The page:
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Publication numberUS8193756 B2
Publication typeGrant
Application numberUS 12/572,864
Publication dateJun 5, 2012
Filing dateOct 2, 2009
Priority dateOct 3, 2008
Also published asUS8258664, US8286439, US8336323, US8353174, US20100083692, US20100083693, US20100084935, US20100085000
Publication number12572864, 572864, US 8193756 B2, US 8193756B2, US-B2-8193756, US8193756 B2, US8193756B2
InventorsIvan Jadric, Zhiqiao WU, Michael S. TODD, Justin Drew WARNER, Shreesha ADIGA MANOOR, Konstantin BORISOV, Scott Victor Slothower, Kanishk DUBEY, John C. Hansen
Original AssigneeJohnson Controls Technology Company
Export CitationBiBTeX, EndNote, RefMan
External Links: USPTO, USPTO Assignment, Espacenet
Variable speed drive for permanent magnet motor
US 8193756 B2
Abstract
A drive system for a compressor of a chiller system includes a variable speed drive. The variable speed drive is arranged to receive an input AC voltage at a fixed AC input voltage and provide an output AC power at a variable voltage and variable frequency. The variable speed drive includes a converter connected to an AC power source providing the input AC voltage. The converter is arranged to convert the input AC voltage to a DC voltage. A DC link is connected to the converter. The DC link filters and stores the DC voltage from the converter. An inverter is connected to the DC link. A motor connectable to the compressor for powering the compressor. An active filter connected in parallel with the motor. The active filter is arranged to generate high frequency currents having a magnitude and opposite polarity, with respect to the output AC power of the variable speed drive. The high frequency currents generated by active filter substantially cancel out high frequency currents flowing into the motor.
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Claims(19)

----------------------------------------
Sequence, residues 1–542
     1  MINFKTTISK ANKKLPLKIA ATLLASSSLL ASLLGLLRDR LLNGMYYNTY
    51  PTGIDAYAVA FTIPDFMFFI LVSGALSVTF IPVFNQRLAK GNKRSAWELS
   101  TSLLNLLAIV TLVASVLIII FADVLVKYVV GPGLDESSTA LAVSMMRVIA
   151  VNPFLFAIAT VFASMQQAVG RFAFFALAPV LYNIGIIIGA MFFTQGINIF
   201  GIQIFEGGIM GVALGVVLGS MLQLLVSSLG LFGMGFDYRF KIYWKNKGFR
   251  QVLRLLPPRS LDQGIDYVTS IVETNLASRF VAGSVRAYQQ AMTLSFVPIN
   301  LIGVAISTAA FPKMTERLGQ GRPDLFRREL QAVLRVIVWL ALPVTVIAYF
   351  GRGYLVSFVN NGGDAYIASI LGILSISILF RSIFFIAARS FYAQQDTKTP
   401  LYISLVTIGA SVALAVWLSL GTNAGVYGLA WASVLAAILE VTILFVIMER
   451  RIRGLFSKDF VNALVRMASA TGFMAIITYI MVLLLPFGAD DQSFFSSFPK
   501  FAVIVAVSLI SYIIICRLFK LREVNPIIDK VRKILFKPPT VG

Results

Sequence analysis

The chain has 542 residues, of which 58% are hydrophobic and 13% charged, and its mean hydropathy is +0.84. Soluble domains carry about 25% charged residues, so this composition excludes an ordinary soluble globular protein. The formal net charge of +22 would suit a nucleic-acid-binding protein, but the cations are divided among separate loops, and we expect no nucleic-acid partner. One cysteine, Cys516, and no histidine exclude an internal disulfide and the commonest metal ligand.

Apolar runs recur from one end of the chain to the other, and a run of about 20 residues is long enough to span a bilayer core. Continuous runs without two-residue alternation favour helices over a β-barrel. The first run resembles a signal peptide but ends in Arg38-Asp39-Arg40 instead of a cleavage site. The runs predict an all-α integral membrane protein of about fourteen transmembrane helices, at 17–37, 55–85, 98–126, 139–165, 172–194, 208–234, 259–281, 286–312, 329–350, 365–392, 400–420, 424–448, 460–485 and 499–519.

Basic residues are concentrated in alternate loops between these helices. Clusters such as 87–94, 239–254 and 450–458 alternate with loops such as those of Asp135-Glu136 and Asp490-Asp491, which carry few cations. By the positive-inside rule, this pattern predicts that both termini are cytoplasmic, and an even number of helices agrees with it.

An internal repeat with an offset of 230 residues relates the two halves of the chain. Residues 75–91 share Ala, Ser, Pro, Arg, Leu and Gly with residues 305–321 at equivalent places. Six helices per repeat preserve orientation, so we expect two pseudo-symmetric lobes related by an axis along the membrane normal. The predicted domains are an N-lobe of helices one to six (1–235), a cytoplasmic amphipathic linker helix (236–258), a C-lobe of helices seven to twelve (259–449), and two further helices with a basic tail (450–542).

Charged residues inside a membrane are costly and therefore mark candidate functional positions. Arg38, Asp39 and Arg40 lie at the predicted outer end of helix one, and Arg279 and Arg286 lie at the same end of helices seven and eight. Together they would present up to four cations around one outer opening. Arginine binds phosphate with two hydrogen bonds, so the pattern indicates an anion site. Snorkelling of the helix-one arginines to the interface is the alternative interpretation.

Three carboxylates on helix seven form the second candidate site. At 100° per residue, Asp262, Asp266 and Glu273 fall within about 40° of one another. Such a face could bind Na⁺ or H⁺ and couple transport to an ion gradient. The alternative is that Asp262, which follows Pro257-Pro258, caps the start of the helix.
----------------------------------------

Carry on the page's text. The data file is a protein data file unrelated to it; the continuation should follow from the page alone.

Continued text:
1. A drive system for a compressor of a chiller system, the drive system comprising:
a variable speed drive, the variable speed drive being configured to receive an input AC voltage at a fixed AC input voltage and provide an output AC power at a variable voltage and variable frequency, the variable speed drive comprising:
a converter connected to an AC power source providing the input AC voltage, the converter being configured to convert the input AC voltage to a DC voltage;
a DC link connected to the converter, the DC link being configured to filter and store the DC voltage from the converter; and
at least one inverter connected to the DC link;
a motor connectable to the compressor for powering the compressor; and
an active filter connected between the at least one inverter and the motor, the active filter configured to generate high frequency currents having a magnitude and opposite polarity, with respect to the output AC power of the variable speed drive, the high frequency currents generated by active filter substantially cancelling high frequency currents flowing into the motor.
2. The drive system of claim 1, wherein the motor is a permanent magnet synchronous motor.
3. The drive system of claim 2, wherein the permanent magnet synchronous motor further comprises a plurality of permanent magnets arranged in multiple pole arrangements in a rotor portion.